The ride over roughed up roads is a bit rough as the rear suspension is set up more to haul loads and not so much people. It actually rides better when full. The turning radius is about 39 feet and that makes parking very easy, but visibility is rather limited. The interior is noisy so it is worth considering some soundproofing. The huge windshield is cleared nicely by what has to be the world’s largest wipers. However, good luck finding replacement blades at your local auto store. I liked it, but only if there is enough left in the kitty to make it your own with some personal upgrades like a better stereo system, sound deadening materials, and a little more cushion for my tush.

Family conference: The Transit Connect has no competition. Its size makes it handy and fairly frugal. It also can be made family friendly, but we doubt many women would fall for that idea. It needs larger rear view mirrors for sure. A better interior lighting system is a must, and more tie downs, softer seats, and a more normal hood opening operation would be appreciated. In fact, Ford should abandon the Transit key as it snags on your pocket, purse, or anything else it can reach. If the Transit Connect had a diesel engine it would be a terrific second car. As it is this Ford is a terrific utility vehicle and we highly recommend you don’t judge it by appearances.

 Tall Station Wagons: Toyota versus Honda

by The Car Family.

For more reviews go to http://www.motorists.org/carfamily/home/most-reliable-vehicles/

 Toyota, Honda, and to some extent BMW have created a new niche for consumers and that is the tall station wagon. In an effort to avoid shattering the stigma of driving a minivan or a SUV, these companies have repurposed their Camry and Accord sedans and created expensive, feature laden people movers.

 The Toyota Venza and the Honda Crosstour are really just a new generation of station wagons that provide that higher seating position and available all wheel drive that carve into gas mileage, but are talking points at dealerships. The price of the Accord Crosstour, available only with a V6, starts around $30K and a similarly equipped Toyota Venza not much less. So pricing is similar, although a vast array of options can drive prices up considerable. You can expect to pay $30,000 with a couple of options for either model and since we highly recommend order ever piece of safety equipment available on a new car that cost can top $35,000. You probably won’t get the money back for safety features when you resell, but one day in a hospital makes such equipment an insurance policy.              

Both of these vehicles are well loaded with features, but the key element is the size of the cargo bay. We loaded both of these and found the cubic feet measurement useless in real life packing. The Honda has a high liftover and the interior narrow. The Toyota was easier to load and had more usable room for some objects. In daily life we would go with the Toyota. If you haul longer items the Honda is the one to own. Most importantly, we like the Venza’s optional power rear hatch. Both vehicles have rear seats that have a 60/40 split and reasonably flat floors.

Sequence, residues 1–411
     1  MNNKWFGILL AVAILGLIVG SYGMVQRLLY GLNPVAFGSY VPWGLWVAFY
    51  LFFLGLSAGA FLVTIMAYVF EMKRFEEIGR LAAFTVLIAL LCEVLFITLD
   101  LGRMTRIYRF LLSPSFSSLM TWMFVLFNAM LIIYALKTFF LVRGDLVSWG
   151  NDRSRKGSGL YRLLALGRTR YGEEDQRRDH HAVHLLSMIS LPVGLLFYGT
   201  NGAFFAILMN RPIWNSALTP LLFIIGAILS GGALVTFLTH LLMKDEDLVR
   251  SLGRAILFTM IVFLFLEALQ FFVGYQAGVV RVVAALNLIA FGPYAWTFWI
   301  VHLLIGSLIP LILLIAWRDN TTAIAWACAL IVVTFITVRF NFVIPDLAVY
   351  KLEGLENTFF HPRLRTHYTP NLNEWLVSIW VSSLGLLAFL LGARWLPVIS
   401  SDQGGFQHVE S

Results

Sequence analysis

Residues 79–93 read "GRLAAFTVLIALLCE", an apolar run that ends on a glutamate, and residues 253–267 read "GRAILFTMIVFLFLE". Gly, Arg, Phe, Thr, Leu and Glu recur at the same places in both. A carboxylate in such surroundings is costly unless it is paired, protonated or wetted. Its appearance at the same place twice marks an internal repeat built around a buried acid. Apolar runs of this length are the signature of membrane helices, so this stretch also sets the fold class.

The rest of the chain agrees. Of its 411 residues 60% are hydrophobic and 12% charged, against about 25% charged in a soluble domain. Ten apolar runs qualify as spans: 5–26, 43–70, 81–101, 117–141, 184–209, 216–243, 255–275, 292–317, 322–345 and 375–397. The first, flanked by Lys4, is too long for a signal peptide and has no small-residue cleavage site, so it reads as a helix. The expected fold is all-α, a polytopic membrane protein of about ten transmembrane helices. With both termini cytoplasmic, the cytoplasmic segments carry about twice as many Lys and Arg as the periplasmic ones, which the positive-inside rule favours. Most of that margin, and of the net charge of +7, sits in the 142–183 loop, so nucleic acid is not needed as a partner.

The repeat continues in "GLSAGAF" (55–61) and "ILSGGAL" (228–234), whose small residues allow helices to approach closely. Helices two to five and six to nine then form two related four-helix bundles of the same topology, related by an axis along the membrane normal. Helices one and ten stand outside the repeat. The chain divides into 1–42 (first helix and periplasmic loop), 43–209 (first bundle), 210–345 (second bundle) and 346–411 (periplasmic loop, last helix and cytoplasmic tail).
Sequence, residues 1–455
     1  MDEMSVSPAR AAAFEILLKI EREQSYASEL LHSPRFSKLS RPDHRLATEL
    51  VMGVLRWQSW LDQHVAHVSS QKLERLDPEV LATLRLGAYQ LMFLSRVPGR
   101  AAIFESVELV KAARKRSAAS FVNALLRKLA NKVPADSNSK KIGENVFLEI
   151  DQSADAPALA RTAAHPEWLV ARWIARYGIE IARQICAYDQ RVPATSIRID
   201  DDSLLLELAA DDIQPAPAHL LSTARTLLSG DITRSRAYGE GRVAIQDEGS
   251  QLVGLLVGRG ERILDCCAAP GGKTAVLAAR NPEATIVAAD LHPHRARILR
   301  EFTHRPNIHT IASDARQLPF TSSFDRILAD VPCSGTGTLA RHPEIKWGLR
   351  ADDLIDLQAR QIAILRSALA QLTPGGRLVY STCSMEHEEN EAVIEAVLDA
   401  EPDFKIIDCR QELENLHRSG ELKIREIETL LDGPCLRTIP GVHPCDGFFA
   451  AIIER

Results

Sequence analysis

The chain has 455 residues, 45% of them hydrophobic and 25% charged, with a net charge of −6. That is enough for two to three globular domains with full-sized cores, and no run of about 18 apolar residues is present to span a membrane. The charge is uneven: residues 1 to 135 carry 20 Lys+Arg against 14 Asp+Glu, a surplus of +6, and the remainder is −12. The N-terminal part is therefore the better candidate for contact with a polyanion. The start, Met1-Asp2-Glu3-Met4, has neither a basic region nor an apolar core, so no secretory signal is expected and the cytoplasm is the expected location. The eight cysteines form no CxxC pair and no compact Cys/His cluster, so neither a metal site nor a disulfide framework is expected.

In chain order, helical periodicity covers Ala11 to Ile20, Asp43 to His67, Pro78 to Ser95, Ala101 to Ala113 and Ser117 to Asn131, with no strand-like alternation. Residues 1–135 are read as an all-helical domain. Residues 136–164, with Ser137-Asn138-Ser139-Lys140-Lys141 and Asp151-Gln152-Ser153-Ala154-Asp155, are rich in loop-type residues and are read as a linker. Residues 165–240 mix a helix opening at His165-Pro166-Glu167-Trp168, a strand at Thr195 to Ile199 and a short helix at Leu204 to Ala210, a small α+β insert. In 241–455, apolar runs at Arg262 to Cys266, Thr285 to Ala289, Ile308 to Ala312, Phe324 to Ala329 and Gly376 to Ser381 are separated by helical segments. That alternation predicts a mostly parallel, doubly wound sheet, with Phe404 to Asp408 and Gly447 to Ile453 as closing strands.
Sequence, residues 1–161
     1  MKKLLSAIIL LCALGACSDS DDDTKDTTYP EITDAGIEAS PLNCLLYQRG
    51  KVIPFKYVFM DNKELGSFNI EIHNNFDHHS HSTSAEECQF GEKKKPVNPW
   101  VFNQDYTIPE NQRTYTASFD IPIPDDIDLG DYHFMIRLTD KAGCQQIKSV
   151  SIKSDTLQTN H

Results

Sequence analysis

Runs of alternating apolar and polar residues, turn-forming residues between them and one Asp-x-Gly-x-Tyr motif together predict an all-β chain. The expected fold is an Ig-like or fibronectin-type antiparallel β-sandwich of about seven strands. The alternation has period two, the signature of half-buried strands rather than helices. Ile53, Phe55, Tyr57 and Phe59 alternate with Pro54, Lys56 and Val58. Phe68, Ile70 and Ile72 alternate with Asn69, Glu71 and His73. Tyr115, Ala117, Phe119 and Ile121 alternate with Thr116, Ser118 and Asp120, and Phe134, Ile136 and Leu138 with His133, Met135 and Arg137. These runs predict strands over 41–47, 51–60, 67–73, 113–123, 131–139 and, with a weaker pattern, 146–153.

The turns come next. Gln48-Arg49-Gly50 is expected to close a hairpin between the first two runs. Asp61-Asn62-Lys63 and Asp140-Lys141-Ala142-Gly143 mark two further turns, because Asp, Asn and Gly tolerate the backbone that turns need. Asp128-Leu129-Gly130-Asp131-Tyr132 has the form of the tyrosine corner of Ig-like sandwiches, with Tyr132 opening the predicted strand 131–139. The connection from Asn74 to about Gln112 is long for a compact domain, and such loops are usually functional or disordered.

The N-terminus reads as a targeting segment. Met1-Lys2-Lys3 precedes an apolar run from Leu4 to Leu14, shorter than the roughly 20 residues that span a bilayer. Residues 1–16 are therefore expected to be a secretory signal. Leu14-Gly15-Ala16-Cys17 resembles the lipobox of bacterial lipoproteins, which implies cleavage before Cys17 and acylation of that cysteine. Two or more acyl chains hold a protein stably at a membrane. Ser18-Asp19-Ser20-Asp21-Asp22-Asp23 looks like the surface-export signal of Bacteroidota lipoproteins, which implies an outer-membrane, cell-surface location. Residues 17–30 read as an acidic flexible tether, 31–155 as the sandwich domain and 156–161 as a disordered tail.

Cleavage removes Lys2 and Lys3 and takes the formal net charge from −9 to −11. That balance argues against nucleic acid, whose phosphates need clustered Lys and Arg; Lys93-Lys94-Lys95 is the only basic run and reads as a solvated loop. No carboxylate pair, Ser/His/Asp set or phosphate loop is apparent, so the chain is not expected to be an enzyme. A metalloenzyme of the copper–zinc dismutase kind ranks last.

We took both of these vehicles on extended trips and quickly found that the Toyota was more family friendly and the Honda the most fun to drive. The Honda has a larger blind spot to the rear and side and the Toyota is more difficult to maneuver. The gas mileage was not as good as we expected with both the Sienna and Odyssey vans getting better figures. The EPA estimates for both models is in the high teens in town and about 27 on the road.

Mom’s view: Interior wise, both are adequate, but the Honda has many more little storage spaces and under the floor bins. Diving these it is obvious who their parents were as reflected by ride, performance and handling. I was won over by the Honda’s more connected suspension, but the gauges and many cockpit controls make it difficult to master. With time this won’t be a problem. The Toyota’s interior is interesting with its high-mounted shift lever, Lexus like elevated center console with storage with integrated electronic connections, and cupholders that are a bit too shallow for larger drinks. The Honda feels and looks much more upscale.

Both of our test vehicles had a V6. Toyota does offer a four-cylinder version, but it is a bit too weak when loaded with a family and traveling in mountains terrain. Both V6 engines make almost identical horsepower in the 270 range, but the Venza has six speed automatic transmission versus five for the Honda. The Toyota is quicker, but both cars get about 22 mpg in mixed driving and neither is going to cause you alarm when passing at legal speeds.

Safety wise both vehicles have multiple airbags, electronic stability control systems, and four-wheel antilock brakes. Both cars stop fairly quickly considering their bulk, but the Honda’s brake feel is better and the steering provides better feedback. Around town the Toyota is easier to park. We never recommend all wheel drive unless you live where inclement weather is a concern. The extra maintenance, insurance in some cases, and reduced fuel mileage make such an option questionable.